New twist in ‘Japanese restaurant’ saga as City Hall confirms food safety probe
- Credit: Archant
The 'Japanese restaurant' at the centre of controversy is subject of a two-pronged investigation from the city council.
Officers are looking into whether or not Orlando Williams has been operating a Japanese restaurant from his home in Norwich, after receiving numerous complaints from neighbours.
The home on Earlham Road has an illuminated sign above its door emblazoned with the name of a former city restaurant, a Facebook page and advertisements on Trip Advisor, while council officers previously found places set for more than 20 people on a visit.
The complaints have led to City Hall investigating Mr Williams into whether he has breached two sets of regulations.
Should it be found that Mr Williams has been operating a restaurant it would see him falling foul of both planning and food safety regulations.
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On Thursday, city councillors gave him permission to turn his seven-bedroom home into a bed and breakfast. However it is understood this permission would not permit it to also operate as a restaurant or serve alcohol, both of which would provide additional applications.
The following questions were asked of Norwich City Council in relation to the investigations.
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• How many individual reports of the site being used as a restaurant has the council received?
• How many times has the council visited this as part of the enforcement case – and at what times of day did these take place?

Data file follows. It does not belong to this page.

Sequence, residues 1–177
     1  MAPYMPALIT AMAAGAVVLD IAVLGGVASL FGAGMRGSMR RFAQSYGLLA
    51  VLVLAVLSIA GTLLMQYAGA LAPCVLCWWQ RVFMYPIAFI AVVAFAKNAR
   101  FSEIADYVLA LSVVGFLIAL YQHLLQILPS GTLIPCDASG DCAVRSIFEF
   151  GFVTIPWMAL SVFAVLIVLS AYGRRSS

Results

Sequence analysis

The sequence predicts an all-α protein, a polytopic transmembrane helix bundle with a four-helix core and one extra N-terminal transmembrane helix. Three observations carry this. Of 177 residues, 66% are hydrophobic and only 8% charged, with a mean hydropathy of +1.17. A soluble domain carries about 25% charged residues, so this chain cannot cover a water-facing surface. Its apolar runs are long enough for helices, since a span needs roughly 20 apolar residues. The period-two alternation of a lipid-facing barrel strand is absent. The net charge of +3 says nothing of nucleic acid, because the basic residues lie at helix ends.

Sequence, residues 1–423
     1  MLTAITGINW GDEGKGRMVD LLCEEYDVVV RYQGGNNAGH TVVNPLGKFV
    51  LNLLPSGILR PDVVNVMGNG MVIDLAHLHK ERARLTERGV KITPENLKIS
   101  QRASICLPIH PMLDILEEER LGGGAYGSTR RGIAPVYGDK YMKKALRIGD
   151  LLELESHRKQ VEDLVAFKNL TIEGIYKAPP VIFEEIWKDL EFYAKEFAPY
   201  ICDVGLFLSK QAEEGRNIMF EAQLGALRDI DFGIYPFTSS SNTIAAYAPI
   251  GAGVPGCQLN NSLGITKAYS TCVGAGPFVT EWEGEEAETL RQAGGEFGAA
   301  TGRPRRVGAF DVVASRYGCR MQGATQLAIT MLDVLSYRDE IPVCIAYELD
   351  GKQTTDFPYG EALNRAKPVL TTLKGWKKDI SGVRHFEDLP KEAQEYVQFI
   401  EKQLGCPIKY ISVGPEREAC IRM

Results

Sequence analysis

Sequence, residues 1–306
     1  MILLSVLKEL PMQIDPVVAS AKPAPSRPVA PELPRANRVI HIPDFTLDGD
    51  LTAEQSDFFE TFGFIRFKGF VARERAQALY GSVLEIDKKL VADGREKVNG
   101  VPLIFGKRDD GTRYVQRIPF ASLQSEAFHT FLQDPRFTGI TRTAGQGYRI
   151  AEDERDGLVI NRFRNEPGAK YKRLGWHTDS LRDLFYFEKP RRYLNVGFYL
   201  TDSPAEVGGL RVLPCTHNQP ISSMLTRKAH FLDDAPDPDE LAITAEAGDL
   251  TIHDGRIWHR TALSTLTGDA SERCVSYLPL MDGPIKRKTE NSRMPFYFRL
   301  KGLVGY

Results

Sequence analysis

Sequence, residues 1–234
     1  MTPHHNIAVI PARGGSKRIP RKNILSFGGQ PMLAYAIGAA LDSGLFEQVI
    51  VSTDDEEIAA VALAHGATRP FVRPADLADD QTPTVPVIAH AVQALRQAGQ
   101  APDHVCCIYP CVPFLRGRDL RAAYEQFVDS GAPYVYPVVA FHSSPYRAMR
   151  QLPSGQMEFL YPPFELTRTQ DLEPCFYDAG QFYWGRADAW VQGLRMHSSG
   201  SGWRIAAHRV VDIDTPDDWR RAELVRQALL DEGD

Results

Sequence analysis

• Has the council seen any advertisement, leaflets or menus for the house as a restaurant?
• What does the new use as a bed and breakfast give Mr Williams permission to do by way of serving food?
• Are there any time restrictions on when a bed and breakfast can provide food?
• When does the property's status as a bed and breakfast come into effect now permission has been granted?
• Has the council reached a conclusion in the enforcement case against Mr Williams?
• What is the council's definition of 'use as a restaurant?'
• What action would the council take if it discovers evidence of it being used as a restaurant?
• Does the permission for it to be used as a bed and breakfast in any way affect the ongoing enforcement case?
• What did Mr Williams say when officers asked him about having a restaurant?
In response a spokesman said: 'We are in the middle of two investigations into possible breaches of planning and food safety regulations, which may have legal consequences, so we can't provide specific details which may form part of this investigation and which could jeopardise the case.'